Having made my decision I considered the fact that, like me, other Italians might also deviate from the apparent norm, and instead decide to go to other cities to study (one of these being Brum). I therefore joined the “University of Birmingham 2014-2015 Freshers” Facebook group, filtered its 5000 or so members by nationality, inputted Italy as native country, which resulted in a list of UoB Italian students, just like me.

Once arrived at University, in between frenzied freshers’ parties and attempting to prepare productively my timetables and courses, I looked around the Freshers’ Society Fair for an Italian society stand, with no success. I in fact learnt that there had been a departmental Italian society in previous years, however it had just been closed. I therefore decided to make it my mission to re-start, and successfully run, a new, non-departmental society open to everyone, with the only requirement being an interest in Italian culture and customs.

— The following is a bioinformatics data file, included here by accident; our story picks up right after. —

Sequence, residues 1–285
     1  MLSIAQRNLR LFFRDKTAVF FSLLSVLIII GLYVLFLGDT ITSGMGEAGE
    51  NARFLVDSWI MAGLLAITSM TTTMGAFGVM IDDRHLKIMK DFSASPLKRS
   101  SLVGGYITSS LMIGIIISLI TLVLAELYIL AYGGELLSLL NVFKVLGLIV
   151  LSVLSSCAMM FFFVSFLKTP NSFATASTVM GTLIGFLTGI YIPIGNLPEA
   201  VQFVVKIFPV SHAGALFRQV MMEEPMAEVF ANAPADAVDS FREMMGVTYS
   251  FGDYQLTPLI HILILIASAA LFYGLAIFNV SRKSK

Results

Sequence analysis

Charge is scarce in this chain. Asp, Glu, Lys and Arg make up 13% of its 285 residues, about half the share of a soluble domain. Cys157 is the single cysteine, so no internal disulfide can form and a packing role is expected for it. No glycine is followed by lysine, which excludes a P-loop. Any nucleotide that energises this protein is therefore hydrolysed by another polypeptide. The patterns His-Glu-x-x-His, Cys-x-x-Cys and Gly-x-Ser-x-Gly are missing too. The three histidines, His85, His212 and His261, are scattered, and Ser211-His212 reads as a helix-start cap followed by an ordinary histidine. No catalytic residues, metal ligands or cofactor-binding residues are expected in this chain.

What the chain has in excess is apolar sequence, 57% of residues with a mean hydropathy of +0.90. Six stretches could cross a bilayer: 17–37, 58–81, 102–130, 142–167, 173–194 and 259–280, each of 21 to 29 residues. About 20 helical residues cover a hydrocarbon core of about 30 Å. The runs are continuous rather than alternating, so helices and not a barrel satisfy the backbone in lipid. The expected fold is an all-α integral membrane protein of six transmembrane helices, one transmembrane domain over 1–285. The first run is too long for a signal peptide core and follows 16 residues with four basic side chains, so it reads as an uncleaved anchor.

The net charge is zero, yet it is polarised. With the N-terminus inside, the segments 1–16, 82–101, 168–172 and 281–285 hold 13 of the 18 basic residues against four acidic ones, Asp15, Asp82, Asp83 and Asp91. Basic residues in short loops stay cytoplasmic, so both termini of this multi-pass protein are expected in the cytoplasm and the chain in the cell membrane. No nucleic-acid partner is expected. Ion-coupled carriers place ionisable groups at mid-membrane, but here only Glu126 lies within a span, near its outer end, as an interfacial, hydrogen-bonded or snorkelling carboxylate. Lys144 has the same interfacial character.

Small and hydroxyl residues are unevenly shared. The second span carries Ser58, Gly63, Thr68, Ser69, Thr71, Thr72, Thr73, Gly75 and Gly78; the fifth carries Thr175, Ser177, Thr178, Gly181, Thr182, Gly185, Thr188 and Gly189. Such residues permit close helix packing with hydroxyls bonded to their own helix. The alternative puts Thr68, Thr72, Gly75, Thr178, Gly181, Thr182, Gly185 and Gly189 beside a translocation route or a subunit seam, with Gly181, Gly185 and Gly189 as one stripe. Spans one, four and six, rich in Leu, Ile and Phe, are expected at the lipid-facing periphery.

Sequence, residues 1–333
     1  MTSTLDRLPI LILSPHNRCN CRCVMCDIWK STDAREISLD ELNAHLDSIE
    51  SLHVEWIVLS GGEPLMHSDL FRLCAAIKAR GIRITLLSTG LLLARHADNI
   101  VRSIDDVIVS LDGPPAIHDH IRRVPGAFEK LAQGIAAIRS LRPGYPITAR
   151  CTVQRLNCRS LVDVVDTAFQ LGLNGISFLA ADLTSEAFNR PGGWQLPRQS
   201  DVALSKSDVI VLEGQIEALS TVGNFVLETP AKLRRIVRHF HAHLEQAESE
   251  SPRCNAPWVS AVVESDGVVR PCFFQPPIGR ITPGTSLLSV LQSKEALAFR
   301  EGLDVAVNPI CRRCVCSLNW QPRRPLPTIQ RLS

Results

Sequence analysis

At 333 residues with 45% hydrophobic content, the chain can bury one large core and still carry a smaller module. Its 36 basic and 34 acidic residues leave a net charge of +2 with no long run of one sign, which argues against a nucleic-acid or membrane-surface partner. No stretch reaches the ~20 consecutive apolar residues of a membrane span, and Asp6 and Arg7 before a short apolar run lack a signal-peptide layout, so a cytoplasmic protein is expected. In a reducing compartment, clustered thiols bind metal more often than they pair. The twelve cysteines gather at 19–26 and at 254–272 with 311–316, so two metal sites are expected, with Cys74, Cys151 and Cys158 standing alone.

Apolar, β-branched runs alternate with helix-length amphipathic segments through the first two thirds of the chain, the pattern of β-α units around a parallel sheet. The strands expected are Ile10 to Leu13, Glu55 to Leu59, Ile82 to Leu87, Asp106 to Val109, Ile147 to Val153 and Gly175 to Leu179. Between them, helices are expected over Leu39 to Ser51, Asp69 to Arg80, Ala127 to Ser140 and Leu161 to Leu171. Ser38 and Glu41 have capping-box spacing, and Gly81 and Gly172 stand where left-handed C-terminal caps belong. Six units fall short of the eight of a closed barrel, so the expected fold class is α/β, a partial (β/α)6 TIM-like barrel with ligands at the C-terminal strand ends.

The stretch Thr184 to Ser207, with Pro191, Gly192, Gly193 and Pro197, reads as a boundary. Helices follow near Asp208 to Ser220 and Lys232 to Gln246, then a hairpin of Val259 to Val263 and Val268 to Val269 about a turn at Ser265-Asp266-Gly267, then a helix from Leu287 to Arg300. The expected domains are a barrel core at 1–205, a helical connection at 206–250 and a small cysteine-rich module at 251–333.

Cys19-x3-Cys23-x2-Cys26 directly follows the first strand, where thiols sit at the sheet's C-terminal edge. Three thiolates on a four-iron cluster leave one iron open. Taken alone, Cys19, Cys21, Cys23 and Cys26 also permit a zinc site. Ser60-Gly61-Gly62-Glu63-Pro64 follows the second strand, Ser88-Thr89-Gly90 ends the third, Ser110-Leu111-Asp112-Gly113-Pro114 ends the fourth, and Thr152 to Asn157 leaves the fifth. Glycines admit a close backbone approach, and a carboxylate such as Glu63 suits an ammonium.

My first task was to fill in a society proposal; a 20 or so page document that asks the proposer to highlight the aims and philosophy of the proposed society. Considering that I had a clear idea of what I wanted the society to be, it wasn’t too challenging. In addition, I had to appoint a committee, which again wasn’t too hard, as at this stage I had met a few Italians and knew others from back home. Furthermore, to prove the society would target a proportion of students, I had to collect 20 signatures of people that would potentially become members and favoured the idea of an Italian society.